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3.9 out of 5 stars 15 customer reviews

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Audio CD, 14 May 2012
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Product details

  • Audio CD (14 May 2012)
  • Number of Discs: 1
  • Label: Warp
  • ASIN: B007OA0XGU
  • Other Editions: Audio CD  |  Vinyl  |  MP3 Download
  • Average Customer Review: 3.9 out of 5 stars  See all reviews (15 customer reviews)
  • Amazon Bestsellers Rank: 120,070 in Music (See Top 100 in Music)
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Product description

Product Description

CD Includes 12 page booklet

BBC Review

Through 14 albums and numerous singles and EPs, Essex boy Tom Jenkinson has endeavoured to make electronic music do things it isn’t supposed to. A virtuoso on bass guitar as well as analogue and digital machinery, his Squarepusher alter ego has consistently brought a freewheeling jazz mentality, a sense of humour and a jaw-dropping technique to that part of the techno world which is aimed at the bedroom and headphones rather than the dancefloor.

Jenkinson’s latest opus sees him return to a solo format after 2010’s so-so Shobaleader One experiment with a band format, and is designed to fit with a new live show involving a space-age helmet and much flashing, strobey, abstract imagery. Clips on YouTube suggest that the show is very reminiscent of Orbital at their stadium rave peak. Which is convenient, because this set sounds like Orbital with a severe case of St Vitus Dance.

Fans who especially love Jenkinson’s astonishing, thumb-plunking bass-playing and droll vocal tracks like My Red Hot Car and The Coathanger will be disappointed. Ufabulum is all synth instrumentals all of the time and, unlike previous albums, doesn’t feature a standout classic that draws you into the album’s less accessible elements. From the fidgety glitch of opener 4001 onwards, the mood is that of an ominous soundtrack for an unmade sci-fi movie.

The Metallurgist may revisit the murky junglism of Squarepusher’s early years, while Red in Blue’s beat-less atmospherics resemble the 70s electro-classicism of Wendy Carlos and Isao Tomita. But the mood is similarly dark, relentless and deliberately irritating to those who like their music with at least a little groove and melody. A few surprisingly wishy-washy string-synths aside, it is, as always, hugely impressive – particularly on the steely car engine cut-ups of Dark Steering and 303 Scopem Hard, which sound like they’re auditioning for heavy usage with Formula 1 coverage – but disappointingly cold and forbidding.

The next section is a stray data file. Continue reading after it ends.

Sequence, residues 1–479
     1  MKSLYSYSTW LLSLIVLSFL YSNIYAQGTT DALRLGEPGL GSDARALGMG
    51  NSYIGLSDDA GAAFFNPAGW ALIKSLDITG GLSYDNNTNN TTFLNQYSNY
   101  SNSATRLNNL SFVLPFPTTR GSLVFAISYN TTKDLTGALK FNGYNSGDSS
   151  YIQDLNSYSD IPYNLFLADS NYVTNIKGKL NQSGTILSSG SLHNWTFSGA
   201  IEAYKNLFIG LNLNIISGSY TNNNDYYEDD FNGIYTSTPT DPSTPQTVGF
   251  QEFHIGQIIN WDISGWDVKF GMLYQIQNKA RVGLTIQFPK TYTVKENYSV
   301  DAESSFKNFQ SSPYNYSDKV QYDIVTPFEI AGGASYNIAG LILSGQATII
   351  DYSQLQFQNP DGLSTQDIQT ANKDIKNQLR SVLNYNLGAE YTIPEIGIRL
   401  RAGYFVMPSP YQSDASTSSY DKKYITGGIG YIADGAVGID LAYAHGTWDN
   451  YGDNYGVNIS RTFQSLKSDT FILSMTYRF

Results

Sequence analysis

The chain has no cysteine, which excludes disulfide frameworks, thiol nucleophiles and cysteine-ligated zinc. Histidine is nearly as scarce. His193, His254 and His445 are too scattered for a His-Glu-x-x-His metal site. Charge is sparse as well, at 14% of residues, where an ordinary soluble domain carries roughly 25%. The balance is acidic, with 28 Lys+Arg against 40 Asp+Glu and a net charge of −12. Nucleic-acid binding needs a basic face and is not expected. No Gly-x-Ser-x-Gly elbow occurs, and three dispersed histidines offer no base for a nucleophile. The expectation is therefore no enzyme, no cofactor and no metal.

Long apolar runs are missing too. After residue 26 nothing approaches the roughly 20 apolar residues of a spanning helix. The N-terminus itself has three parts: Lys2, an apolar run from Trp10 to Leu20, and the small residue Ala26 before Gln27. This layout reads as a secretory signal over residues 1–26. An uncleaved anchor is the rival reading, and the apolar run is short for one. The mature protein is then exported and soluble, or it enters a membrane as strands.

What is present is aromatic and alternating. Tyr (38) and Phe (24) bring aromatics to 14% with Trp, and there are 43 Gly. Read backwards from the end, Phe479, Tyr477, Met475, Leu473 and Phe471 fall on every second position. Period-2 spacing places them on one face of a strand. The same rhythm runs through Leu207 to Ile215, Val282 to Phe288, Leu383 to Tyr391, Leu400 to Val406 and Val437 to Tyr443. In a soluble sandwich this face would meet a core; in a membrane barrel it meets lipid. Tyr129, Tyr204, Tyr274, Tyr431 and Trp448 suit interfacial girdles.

One thing you can always count on with Jenkinson, though, is that whatever he does next will sound little like whatever he did last. Here’s hoping he relocates his bass and his sense of humour next time around.

--Brad Barrett

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Customer Reviews

3.9 out of 5 stars
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Top Customer Reviews

Format: Audio CD
Hate to start this review on a negative note but this needs to be said: I didn't like Squarepusher's last two albums, not even a little bit. I found the last record unlistenable, vocoder Zap! style vocals saying a whole lot of nothing over some technically accomplished but soulless funk and pop, nothing challenging or dangerous or new about it at all. The record before that, Just a Souvenir, had three decent tracks, the rest just didn't do it for me, I hated the vocals and the faux pop-rock style of it all. I did however enjoy the Numbers Lucent EP.

The new album is a refreshing departure from recent explorations. It's far more electronic sounding, the most all-out electronic Squarepusher album since Selection Sixteen, which is arguably his most solid album to my ears after Music Is One Rotted Note. It's not super-challenging like Ultravisitor, nor is it OTT and grating like Go Plastic. It's also really upbeat! Especially the first half of the record, tunes are downright happy, and although I like when Squarepusher is moody and dark and experimental, he knows how to make really joyful and happy music too. But don't worry for there is a little darkness and experimentation on here too, Drax 2 being a good example of that, and arguably the best song on the record. There are other great standout tunes like the album's opener 4001, the acid madness of Scopem Hard 303, or the amazing soundtrack to some non-existent videogame in Stadium Ice. Dark Steering needs a mention too, a mish-mash of race-car engine sounds, the roland 303, and SP's crazy timing.

So Squarepusher fans, if you really dug his previous two records then you might not like this one so much. If you like his more electonic-sounding stuff, and especially if you're into the 303, you will like this album.